CAMBODIA SUSTAINABILITY PROJECT RECAP
Visual Storytelling Album Pt. II
The #HCinCambodia project wrapped up a couple weeks ago. However, to paint a much clearer picture it is just getting started. The pictures and videos below only capture a fraction of the hope and joy that we pray this farm will yield in years to come for the rescued sex-trafficked girls and the community that it will host.
The initial investment in infrastructure is rigorous and demanding. Nonetheless, this is merely the first step and perhaps the easiest part. Laying a good foundation is paramount and this is the reason for the two-month commitment that we made to build and oversee development in Cambodia from November to early January. New cultural context, new management contacts, new soil, we needed this time to ensure our foundation was solid and that we really designed a system that considered both the cultural and ecological needs of the community.
We made an investment in the future. Unfortunately, we were not able to see a large majority of the fruit of our labor by the time we waved goodbye to our farm managers. We did see some eggs scrambled and egg drop soup sipped, but we realize much of the investment of a sustainability project like ours mimics most of the process of the hundreds of fruit trees and various crop varieties we planted on the farm. It takes years of maturation and care to grow its root structure and produce beautiful fruit.
I have never had kids, but I imagine the process we experienced in Cambodia is a similar process. You raise and train rigorously. You share laughs, swell with pride, and cry in heartbreak. You see a large amount of growth. You have a small window in the first 18 years or so of their lives (in our case two months), and then you have to trust that all the training, instruction, care, and love will yield a return. Yield a return for them and those they touch, their children, grandchildren, neighbors, workforce and many more.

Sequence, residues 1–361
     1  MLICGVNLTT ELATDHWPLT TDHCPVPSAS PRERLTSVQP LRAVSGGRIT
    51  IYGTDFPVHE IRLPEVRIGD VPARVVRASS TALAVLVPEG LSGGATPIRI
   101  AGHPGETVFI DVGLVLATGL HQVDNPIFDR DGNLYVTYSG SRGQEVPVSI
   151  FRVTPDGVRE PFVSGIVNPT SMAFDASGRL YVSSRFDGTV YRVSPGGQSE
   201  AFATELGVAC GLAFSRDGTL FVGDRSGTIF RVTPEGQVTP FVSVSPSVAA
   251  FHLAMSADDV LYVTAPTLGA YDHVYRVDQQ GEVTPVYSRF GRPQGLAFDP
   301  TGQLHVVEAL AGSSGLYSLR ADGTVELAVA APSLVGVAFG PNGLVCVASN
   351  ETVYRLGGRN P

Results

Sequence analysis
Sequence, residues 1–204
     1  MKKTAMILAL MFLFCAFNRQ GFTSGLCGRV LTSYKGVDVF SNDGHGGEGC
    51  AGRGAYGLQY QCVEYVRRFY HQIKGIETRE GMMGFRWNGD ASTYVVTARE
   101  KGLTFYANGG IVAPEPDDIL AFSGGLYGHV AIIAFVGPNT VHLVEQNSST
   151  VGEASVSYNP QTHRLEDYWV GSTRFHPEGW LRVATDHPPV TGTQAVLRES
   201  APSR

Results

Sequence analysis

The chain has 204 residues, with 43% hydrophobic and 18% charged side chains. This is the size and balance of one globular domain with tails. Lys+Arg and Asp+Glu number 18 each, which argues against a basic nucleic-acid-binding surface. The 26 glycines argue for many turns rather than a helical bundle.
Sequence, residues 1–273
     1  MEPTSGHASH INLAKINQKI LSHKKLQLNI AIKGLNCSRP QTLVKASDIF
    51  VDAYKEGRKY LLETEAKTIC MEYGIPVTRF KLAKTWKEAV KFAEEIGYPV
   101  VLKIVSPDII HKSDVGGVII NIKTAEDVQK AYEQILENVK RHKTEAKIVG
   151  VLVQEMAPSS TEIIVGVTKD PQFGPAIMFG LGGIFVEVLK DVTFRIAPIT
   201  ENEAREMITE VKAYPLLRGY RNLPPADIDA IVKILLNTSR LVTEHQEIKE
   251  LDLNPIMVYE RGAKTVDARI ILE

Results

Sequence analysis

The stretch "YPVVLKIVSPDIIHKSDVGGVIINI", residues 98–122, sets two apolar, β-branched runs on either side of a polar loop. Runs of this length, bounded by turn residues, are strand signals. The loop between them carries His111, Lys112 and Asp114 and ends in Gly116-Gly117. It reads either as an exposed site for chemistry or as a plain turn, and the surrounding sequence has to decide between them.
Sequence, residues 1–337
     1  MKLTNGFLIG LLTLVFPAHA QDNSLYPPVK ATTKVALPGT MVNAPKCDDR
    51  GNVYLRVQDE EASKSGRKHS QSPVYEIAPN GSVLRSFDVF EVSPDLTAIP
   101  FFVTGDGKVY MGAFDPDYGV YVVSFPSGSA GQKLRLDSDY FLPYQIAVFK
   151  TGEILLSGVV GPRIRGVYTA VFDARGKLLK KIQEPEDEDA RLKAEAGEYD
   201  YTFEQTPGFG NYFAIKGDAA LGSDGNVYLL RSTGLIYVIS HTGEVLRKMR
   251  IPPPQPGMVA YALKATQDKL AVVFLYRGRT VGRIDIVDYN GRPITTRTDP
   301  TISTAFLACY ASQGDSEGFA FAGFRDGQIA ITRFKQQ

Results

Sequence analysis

Our sustainability community projects are only as successful as our farm managers and workers. They only truly become sustainable sources of food and microfinance once we leave their side and allow them the space to grow on their own. And that is the thing we are most excited about for this project in Cambodia, the farm managers we were able to cultivate. The trust built and relationships facilitated.
The most exciting relationship established while in country is the relationship between the local agriculture university through recent graduate, Pisal, and our now good friend Pastor Hong, who runs several local orphanages in the neighboring city and pastors a significant group of churches in Kampong Cham. Pisal and Pastor Hong, both key players, deliver an unfaltering commitment to excellence and developing their communities. They both show a selflessness and genuine "greater than themselves" care for the purpose of this project: to feed and empower the rescued girls. Pastor Hong already runs several orphanages and churches. His humility and hospitality on par with Mother Theresa and his zeal matching Bonhoeffer, we think all this makes for a sure recipe for success.
We look forward to sharing updates on the Cambodia project over the next year and coming years because they will tell us truly how successful we were with this project.
For more details on the Harvest Craft Cambodia Project or other sustainability projects. Click below.